New England Aster at Beechwood / Don Valley: September 16, 2020

I have been seeing up to ten aster species around these days and the most striking is certainly the New England Aster.

New England Aster (Symphyotrichum novae-angliae)

This lovely aster grows in open, usually moist to wet ground including meadows, fields, edges of streams and rivers, along banks and along roadsides.

New England Aster (Symphyotrichum novae-angliae) with Monarch

The ray colour varies from blue to purple.

New England Aster (Symphyotrichum novae-angliae)

It is a large, stout, hairy and leafy plant.

2 colours of New England Aster (the pinker ones are a garden variety)

New England Aster somewhat resembles Purple-stemmed Aster which grows in wetter sites.

Purple-stemmed Aster (Symphyotrichum puniceum)

In 1830 it was reported that New England Aster was used to remove the poisonous state of the skin caused by Poison Ivy.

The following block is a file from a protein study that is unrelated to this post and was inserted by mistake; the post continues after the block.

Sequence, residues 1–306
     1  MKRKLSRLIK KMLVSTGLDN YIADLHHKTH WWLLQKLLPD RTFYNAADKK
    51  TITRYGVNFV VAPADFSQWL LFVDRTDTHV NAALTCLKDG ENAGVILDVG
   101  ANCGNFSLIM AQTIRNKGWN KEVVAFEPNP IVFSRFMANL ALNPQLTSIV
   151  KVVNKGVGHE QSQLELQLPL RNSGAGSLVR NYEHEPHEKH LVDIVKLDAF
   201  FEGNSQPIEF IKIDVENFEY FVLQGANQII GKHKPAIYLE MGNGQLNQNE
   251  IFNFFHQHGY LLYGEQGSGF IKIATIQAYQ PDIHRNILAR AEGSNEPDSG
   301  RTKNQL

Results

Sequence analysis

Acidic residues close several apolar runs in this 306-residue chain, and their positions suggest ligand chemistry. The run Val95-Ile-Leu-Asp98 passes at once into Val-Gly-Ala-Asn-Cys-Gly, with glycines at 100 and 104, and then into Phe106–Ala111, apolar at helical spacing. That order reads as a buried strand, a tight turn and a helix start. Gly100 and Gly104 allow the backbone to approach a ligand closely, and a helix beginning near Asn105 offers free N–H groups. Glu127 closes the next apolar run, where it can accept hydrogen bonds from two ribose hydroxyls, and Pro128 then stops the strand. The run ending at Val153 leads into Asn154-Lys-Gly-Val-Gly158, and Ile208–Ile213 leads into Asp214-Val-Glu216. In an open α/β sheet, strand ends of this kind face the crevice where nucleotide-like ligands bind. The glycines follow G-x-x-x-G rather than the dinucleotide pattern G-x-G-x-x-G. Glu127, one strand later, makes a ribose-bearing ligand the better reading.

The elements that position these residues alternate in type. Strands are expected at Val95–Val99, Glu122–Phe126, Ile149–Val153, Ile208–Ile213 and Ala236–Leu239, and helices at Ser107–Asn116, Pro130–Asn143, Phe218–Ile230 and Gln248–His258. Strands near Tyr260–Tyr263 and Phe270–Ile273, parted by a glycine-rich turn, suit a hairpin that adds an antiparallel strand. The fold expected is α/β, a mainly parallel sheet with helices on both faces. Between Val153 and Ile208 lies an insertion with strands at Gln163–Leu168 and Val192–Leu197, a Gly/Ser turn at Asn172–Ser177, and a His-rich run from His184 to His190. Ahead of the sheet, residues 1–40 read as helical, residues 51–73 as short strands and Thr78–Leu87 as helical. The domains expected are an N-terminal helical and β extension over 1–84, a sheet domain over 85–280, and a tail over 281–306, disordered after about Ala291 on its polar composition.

New England Aster (Symphyotrichum novae-angliae)

First Nations peoples smoked the root in order to attract deer.

New England Aster (Symphyotrichum novae-angliae)

Other botany today:

Ragweed (Ambrosia artemisifolia)
Dog-strangling Vine (Vincetoxicum rossicum)
Chicory (Cichorium intybus)
Spearscale (Atriplex patula)
Panicled Aster (Symphyotrichum lanceolatum)
Soapwort (Saponaria officinalis)
Japanese Knotweed (Fallopia japonica)
White Campion (Silene latifolia)
Redroot Pigweed (Amaranthus hybridus)
Bull Thistle (Cirsium vulgare)
Garlic Chives (Allium tuberosum)

Park views:

Monarch in goldenrod

Some birds:

Song Sparrow
Mallard
Turkey Vulture

Species list: mallard, red-tailed hawk, turkey vulture, ring-billed gull, northern flicker, downy woodpecker, white-breasted nuthatch, blue jay, black-capped chickadee, gray catbird, American robin, ruby-crowned kinglet, cedar waxwing, house sparrow, northern cardinal, song sparrow.  (16 species)

Today’s group:

NATURE POETRY

The asters twinkle in clusters bright,
While the corn grows ripe and the apples mellow.       – Celia Thaxter (1835–94) 

Miles Hearn

1 thought on “New England Aster at Beechwood / Don Valley: September 16, 2020

  1. Lisa Volkov

    I love (and miss!) this place. I’m still not sure about those painted slabs, though. I’ll have to see them in person–someday. Hi everyone!

    Reply

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